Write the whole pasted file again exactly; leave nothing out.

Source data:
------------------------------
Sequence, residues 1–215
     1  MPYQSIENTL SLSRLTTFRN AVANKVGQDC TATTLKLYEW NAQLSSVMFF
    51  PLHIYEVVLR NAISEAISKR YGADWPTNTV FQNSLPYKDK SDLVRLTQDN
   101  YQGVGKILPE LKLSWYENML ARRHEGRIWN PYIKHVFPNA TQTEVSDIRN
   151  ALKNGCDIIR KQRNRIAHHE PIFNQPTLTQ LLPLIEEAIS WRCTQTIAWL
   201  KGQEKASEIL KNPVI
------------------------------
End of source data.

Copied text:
Sequence, residues 1–215
     1  MPYQSIENTL SLSRLTTFRN AVANKVGQDC TATTLKLYEW NAQLSSVMFF
    51  PLHIYEVVLR NAISEAISKR YGADWPTNTV FQNSLPYKDK SDLVRLTQDN
   101  YQGVGKILPE LKLSWYENML ARRHEGRIWN PYIKHVFPNA TQTEVSDIRN
   151  ALKNGCDIIR KQRNRIAHHE PIFNQPTLTQ LLPLIEEAIS WRCTQTIAWL
   201  KGQEKASEIL KNPVI